The Woodrow Wilson Presidential Library and Museum is pleased to host a teacher institute in partnership with the Virginia War Memorial this summer. The institute, "Coming Home:  Doughboys Return from WWI," will be offered at the Presidential Library in Staunton on Monday, August 1, 2011, from 10:00 am - 3:00 pm and is open at no charge to all Virginia middle and high school teachers who teach Virginia and U.S. History.  The class is aligned with Virginia History and Social Science Standards of Learning.  The guest speaker will be William T. Walker, Jr., a former associate Vice President of William and Mary College, historian, and author of a book on World War I.  He also was involved with the Presidential Library's new World War I exhibit and planned and co-led a World War I battlefield tour last October.

This institute will be the second in a series on Woodrow Wilson and World War I offered by the Virginia War Memorial in partnership with the Presidential Library.  The first institute, "Over There - Virginian's Fight to End All Wars (1917-1918)," will take place on Monday, July 25, 2011 from 10:00 am - 3:00 pm at the Virginia War Memorial in Richmond.  Brigadier General John “Jack” Mountcastle, USA (Ret.), former Chief of Army Military History, will be the guest speaker.

For more information on these and seven other teacher institutes around Virginia, visit the Virginia War Memorial website or contact Candi Shelton at

Click here for a flyer about the Virginia War Memorial teacher institutes.


did you know?

Wilson was president throughout World War I. He sought a neutral position for the United States and even won reelection with the slogan “He kept us out of war.” Nonetheless, actions by the Central Powers (notably Germany) threatened this neutrality. Following years of attacks on American shipping and citizens on the high seas, particularly the sinking of the RMS Lusitania, public opinion began to turn. The final straw came with the release of the Zimmerman Telegram, forcing the United States to declare war on the Central Powers in April of 1917, joining the war on the side of the UK, Russia, and France.

Woodrow Wilson was President when the 19th amendment was ratified in 1920 giving women the right to vote.

Wilson piloted the ship that brought America onto the world stage. He made the first steps of leading us out of isolationism, violating Washington's tenet of avoiding foreign entanglements.

He led America during World War I. His fervent hope was for the US to join a League of Nations, the precursor to the United Nations.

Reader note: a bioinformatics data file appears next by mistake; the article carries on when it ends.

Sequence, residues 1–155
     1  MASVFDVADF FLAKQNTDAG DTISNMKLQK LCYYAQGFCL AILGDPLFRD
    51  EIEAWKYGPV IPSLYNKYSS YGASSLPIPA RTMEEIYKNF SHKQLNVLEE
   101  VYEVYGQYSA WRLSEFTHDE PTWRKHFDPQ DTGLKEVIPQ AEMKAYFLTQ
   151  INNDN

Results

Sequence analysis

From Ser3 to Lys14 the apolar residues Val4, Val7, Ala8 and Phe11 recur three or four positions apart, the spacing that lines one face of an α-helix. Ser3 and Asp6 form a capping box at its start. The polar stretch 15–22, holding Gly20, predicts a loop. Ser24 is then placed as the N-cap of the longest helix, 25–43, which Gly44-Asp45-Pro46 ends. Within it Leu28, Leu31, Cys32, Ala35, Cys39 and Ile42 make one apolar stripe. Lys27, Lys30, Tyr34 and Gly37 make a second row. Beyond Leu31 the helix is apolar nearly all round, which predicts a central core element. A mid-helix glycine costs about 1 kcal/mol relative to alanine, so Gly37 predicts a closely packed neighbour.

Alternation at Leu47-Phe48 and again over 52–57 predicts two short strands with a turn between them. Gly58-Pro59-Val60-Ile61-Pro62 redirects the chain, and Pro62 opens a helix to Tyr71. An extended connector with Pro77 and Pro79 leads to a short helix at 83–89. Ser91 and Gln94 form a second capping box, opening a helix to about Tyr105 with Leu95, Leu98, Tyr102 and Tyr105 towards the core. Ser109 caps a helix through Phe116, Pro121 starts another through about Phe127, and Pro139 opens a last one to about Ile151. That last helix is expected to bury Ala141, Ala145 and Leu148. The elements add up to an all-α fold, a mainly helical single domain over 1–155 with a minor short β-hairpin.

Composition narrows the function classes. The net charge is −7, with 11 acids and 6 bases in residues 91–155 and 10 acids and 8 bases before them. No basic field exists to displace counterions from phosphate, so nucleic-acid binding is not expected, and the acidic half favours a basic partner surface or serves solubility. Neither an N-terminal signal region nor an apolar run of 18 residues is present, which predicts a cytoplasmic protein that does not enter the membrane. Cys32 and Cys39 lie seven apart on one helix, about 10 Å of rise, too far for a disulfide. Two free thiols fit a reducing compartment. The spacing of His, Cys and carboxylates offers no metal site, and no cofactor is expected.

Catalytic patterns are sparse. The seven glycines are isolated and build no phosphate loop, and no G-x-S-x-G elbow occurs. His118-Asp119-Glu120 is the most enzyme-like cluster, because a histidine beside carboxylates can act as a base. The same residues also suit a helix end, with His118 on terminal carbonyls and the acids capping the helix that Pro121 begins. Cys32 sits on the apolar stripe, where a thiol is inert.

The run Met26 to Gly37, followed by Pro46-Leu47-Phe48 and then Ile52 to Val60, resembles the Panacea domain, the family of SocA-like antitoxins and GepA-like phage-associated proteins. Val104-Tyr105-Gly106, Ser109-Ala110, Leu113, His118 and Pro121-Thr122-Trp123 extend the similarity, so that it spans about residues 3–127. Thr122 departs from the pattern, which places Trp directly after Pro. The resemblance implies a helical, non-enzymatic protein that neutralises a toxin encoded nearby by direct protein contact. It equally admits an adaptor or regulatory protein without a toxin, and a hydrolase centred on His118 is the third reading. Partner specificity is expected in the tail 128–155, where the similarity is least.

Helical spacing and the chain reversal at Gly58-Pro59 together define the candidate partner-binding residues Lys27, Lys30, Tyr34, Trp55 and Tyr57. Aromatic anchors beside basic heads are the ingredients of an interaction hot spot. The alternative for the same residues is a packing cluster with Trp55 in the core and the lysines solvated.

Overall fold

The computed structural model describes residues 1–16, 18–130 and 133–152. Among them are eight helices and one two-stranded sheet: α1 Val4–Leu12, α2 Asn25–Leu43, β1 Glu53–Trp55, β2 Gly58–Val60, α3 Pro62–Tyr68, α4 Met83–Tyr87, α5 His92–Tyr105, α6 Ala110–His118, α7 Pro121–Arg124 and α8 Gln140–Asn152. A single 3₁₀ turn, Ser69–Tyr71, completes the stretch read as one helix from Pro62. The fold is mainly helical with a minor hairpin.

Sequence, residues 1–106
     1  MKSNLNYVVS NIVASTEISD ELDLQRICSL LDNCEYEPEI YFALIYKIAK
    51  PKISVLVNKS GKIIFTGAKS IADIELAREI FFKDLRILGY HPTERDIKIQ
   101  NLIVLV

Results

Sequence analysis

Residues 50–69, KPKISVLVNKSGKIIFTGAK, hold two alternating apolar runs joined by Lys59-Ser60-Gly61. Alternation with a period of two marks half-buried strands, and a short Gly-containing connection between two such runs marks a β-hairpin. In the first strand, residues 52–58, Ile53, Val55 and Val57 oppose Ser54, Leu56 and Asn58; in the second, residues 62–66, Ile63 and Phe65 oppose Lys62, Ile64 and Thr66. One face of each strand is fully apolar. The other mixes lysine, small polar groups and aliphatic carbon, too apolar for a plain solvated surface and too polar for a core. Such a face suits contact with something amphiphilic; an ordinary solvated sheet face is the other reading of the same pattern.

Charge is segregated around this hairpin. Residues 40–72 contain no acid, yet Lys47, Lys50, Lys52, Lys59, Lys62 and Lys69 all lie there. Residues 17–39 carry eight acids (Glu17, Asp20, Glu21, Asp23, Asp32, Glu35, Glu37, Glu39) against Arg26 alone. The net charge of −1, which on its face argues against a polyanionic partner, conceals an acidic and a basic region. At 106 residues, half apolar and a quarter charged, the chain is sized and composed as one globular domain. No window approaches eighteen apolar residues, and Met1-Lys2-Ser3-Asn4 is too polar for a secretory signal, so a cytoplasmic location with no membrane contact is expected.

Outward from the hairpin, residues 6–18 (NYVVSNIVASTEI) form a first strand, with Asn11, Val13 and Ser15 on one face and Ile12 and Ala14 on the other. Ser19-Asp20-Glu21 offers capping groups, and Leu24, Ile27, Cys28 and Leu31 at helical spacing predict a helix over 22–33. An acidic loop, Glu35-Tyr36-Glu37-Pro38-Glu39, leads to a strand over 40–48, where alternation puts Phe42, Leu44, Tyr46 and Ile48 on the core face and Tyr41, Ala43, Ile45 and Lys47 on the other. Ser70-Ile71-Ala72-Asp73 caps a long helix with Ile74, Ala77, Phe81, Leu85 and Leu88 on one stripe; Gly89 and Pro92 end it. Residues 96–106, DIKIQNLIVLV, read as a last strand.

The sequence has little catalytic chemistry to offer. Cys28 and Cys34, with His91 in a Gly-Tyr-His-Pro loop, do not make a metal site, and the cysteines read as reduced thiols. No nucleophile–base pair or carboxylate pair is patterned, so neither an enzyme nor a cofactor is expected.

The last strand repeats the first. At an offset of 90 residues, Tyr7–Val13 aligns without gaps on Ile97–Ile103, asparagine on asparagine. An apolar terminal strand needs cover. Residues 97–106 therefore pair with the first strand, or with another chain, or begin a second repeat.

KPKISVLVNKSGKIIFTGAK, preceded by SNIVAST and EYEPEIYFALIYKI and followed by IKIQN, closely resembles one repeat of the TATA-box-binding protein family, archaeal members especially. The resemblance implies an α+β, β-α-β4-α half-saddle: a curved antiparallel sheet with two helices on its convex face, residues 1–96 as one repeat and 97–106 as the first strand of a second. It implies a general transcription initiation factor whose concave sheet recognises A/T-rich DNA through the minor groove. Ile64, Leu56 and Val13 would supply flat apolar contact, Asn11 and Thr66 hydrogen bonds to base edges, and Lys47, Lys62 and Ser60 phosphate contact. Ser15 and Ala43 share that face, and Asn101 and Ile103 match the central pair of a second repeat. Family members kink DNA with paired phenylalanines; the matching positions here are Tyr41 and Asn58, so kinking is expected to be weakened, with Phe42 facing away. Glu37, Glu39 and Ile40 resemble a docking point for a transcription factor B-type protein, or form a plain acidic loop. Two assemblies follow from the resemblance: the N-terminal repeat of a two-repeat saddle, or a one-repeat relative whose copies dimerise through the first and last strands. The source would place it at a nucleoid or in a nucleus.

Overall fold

A Woodrow Wilson Quote: "Life does not consist in thinking, it consists in acting."

A Woodrow Wilson Quote: "The Constitution was not made to fit us like a straitjacket. In its elasticity lies its chief greatness."

A Woodrow Wilson Quote: "I believe in democracy because it releases the energies of every human being."

The Seventeenth Amendment was formally adopted on May 31, 1913. Wilson had been president for almost three months at the time. The amendment provided for the direct election of senators. Prior to its adoption, Senators were chosen by state legislatures.

Wilson was the first president to receive a PhD which he got in Political Science from Johns Hopkins University. He had received his undergraduate degree from the College of New Jersey, renamed Princeton University in 1896.

Woodrow Wilson could not read during the first decade of his life. Though undiagnosed, he may have suffered from a learning disability

Woodrow Wilson was known as "Tommy" until his college years.

Woodrow Wilson during his boyhood, helped establish the "Lightfoot Baseball Club" with his friends. Wilson played second base and was an avid sport fan throughout his adult life.

Woodrow Wilson was the first president to attend the Major League Baseball Fall Classic. He saw the debut of a young 20 year old pitcher by the name of George Herman "Babe" Ruth.

Woodrow Wilson was a graduate of Princeton University and Johns Hopkins University and the only president to hold an earned doctoral degree.

Woodrow Wilson image is on the $100,000 bill although it is no longer in circulation